mother can see both her son and the approaching
    train. The train starts to slow even though the
    driver could not have seen the boy. The train
    stops a few metres from the boy. The mother sees
    this as a miracle, even when she was told later
    about the drivers heart attack which caused the
    automatic break to come on.
  • Roy Holland presents this as a miracle of
    interpretation an event that has taken place
    within natural law but than can be taken as a
    religious sign, he calls this a contingency
  • Holland seems to argue for the concept of divine
  • Some call this an anti-realist approach - a
    miraculous event is an event that is a
    disclosure, it is not a supernatural event but a
    supernatural interpretation of a natural event
  • Strauss and Bultmann used this approach to the
    gospel miracles - the mythological world-views as
    portrayed by the gospels was unacceptable and
    needed to be reinterpreted and the spiritual
    truths made clear.

Miracles VI
  • Is it reasonable to believe in miracles?
  • This depends on the definition of miracles - if
    we accept Hollands interpretation then miracles
    occur whenever someone interprets an event as a
    miracle. Most debate centres on the more
    traditional understanding of miracle.
  • Hume As an empiricist he believed that all
    questions of truth should be based on experience
    - which involves an enquiry into evidence.
  • It will always be more reasonable to assume that
    the laws of nature have not been broken -
    especially as there were no modern day
    equivalents of biblical miracles
  • Hume argued that no miraculous event could be
    proved to be true because
  • No miracle has a sufficient number of witnesses
    A quantity of educated trustworthy witnesses who
    would have much to lose if found to be lying
  • People are prone to look for marvels and wonders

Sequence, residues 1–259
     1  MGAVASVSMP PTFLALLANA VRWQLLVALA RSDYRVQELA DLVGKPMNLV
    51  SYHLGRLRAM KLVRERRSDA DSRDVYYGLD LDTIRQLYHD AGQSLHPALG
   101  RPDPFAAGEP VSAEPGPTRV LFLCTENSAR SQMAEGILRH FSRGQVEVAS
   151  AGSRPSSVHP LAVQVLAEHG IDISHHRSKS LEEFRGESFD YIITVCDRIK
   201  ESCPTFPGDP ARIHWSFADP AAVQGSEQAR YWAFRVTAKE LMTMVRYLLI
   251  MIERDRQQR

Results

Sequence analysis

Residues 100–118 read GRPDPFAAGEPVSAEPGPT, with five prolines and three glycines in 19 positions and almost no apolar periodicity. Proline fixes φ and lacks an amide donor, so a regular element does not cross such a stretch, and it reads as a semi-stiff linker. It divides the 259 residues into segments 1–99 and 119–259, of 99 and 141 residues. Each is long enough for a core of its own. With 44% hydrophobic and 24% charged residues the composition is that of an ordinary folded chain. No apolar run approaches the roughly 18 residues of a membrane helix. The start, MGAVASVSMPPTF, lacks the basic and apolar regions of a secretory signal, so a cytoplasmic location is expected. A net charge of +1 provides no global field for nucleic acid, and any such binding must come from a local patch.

We all like stories and are prone to repeat them
    even when we do not believe them
  • The source of (gospel) miracles stories are from
    ignorant people The miracle stories in the bible
    (gospels) gained authenticity without critical or
    rational enquiry
  • The writers of the gospels had a vested interest
    This was particularly the case if a miracle is
    being used to establish a religion i.e. the
  • Miracles from different tradition contradict each
    other The evidence from the witnesses of one
    miracle is contradicted by the evidence from the
    witness of others

Miracles VII
  • Responses to Hume
  • Hume and his empiricism An event is only
    miraculous if it violates natural law and its
    empirical nature suggested that the law has no
    exceptions. However this suggests that law should
    never change in response to exceptions of which
    the miracle may be one. Logically, thus, we
    should never accept an exception andtherefore
    never change a law - which contradicts
  • Probability Hume assumes that the should be more
    miracles. If naturalism(assuming the world runs
    on natural law) is assumed miracles will be
    rejected.For theists miracles are about Gods
    purpose not about quantity.